Machine Learning

, Volume 38, Issue 1, pp 9–40

LEARNABLE EVOLUTION MODEL: Evolutionary Processes Guided by Machine Learning

Authors

  • Ryszard S. Michalski
    • Machine Learning and Inference LaboratoryGeorge Mason University
    • Institute of Computer SciencePolish Academy of Sciences
Article

DOI: 10.1023/A:1007677805582

Cite this article as:
Michalski, R.S. Machine Learning (2000) 38: 9. doi:10.1023/A:1007677805582

Abstract

A new class of evolutionary computation processes is presented, called Learnable Evolution Model or LEM. In contrast to Darwinian-type evolution that relies on mutation, recombination, and selection operators, LEM employs machine learning to generate new populations. Specifically, in Machine Learning mode, a learning system seeks reasons why certain individuals in a population (or a collection of past populations) are superior to others in performing a designated class of tasks. These reasons, expressed as inductive hypotheses, are used to generate new populations. A remarkable property of LEM is that it is capable of quantum leaps (“insight jumps”) of the fitness function, unlike Darwinian-type evolution that typically proceeds through numerous slight improvements. In our early experimental studies, LEM significantly outperformed evolutionary computation methods used in the experiments, sometimes achieving speed-ups of two or more orders of magnitude in terms of the number of evolutionary steps. LEM has a potential for a wide range of applications, in particular, in such domains as complex optimization or search problems, engineering design, drug design, evolvable hardware, software engineering, economics, data mining, and automatic programming.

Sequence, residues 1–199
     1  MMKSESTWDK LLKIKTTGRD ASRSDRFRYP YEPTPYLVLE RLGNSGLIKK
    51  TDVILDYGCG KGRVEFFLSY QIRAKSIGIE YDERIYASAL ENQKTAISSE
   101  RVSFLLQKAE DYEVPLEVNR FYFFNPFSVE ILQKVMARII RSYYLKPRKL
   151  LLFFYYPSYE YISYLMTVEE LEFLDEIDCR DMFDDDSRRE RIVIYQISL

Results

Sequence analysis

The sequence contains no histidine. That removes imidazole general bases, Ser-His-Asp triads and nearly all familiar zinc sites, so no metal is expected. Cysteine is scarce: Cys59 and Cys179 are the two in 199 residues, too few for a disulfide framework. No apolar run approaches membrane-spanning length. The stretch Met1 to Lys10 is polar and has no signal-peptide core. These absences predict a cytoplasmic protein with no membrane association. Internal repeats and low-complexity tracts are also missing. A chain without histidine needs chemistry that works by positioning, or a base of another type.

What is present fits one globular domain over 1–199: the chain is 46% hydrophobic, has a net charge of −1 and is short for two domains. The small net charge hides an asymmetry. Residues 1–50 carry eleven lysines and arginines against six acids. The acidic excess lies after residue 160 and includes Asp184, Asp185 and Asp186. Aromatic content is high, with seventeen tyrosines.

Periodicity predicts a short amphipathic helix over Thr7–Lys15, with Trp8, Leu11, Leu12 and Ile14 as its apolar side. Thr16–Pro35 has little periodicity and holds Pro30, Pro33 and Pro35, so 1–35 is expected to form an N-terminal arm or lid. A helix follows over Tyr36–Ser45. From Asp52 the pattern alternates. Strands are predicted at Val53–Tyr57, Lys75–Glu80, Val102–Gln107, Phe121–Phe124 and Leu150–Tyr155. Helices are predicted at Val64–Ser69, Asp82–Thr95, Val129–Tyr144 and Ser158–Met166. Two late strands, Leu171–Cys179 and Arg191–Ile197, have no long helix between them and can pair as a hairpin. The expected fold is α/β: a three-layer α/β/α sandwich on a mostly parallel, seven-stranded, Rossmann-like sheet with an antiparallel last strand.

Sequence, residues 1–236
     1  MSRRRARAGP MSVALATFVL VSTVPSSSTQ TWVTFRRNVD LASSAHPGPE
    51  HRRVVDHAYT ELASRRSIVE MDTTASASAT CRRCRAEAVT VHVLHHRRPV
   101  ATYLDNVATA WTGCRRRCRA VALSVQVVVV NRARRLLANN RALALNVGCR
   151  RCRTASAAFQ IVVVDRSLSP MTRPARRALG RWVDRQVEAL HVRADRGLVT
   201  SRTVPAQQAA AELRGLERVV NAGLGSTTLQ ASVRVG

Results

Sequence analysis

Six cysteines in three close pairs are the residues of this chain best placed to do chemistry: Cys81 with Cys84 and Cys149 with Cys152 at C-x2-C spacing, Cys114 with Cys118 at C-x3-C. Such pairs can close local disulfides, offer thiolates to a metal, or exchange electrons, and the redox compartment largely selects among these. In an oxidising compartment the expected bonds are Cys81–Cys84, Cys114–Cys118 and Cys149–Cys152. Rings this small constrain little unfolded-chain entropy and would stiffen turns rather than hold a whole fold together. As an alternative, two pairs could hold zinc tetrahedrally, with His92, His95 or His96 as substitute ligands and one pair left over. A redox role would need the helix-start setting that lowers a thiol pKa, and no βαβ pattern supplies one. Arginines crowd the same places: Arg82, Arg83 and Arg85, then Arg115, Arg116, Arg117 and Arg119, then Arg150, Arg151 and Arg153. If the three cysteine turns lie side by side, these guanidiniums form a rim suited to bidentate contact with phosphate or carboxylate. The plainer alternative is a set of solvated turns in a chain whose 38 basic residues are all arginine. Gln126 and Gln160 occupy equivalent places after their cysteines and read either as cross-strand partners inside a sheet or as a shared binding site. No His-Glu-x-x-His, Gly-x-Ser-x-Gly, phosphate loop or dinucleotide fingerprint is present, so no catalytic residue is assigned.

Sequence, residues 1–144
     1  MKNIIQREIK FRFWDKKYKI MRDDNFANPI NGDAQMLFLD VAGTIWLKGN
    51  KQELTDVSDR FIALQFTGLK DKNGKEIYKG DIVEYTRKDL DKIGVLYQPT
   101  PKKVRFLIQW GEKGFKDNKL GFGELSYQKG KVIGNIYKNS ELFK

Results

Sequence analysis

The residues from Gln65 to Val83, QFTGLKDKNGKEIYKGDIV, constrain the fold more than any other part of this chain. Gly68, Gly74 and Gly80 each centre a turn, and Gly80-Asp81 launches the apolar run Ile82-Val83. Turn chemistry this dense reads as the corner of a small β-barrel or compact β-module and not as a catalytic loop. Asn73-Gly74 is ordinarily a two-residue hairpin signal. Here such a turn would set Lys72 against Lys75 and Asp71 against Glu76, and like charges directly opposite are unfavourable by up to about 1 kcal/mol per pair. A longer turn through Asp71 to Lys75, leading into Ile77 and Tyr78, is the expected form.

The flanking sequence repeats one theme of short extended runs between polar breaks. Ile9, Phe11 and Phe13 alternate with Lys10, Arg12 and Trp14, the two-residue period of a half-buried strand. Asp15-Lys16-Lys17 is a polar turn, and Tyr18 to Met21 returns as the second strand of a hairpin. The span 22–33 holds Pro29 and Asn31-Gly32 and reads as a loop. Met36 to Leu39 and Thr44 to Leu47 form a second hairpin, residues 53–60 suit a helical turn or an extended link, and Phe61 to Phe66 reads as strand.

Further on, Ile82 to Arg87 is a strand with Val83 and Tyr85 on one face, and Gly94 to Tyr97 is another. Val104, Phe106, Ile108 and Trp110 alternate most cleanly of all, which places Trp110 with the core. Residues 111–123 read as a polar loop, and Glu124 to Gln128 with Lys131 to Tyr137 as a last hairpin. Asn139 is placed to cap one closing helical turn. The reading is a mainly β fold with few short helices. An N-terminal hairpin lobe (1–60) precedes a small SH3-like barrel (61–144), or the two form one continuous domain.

multistrategy learning genetic algorithms evolution model evolutionary computation

Copyright information

© Kluwer Academic Publishers 2000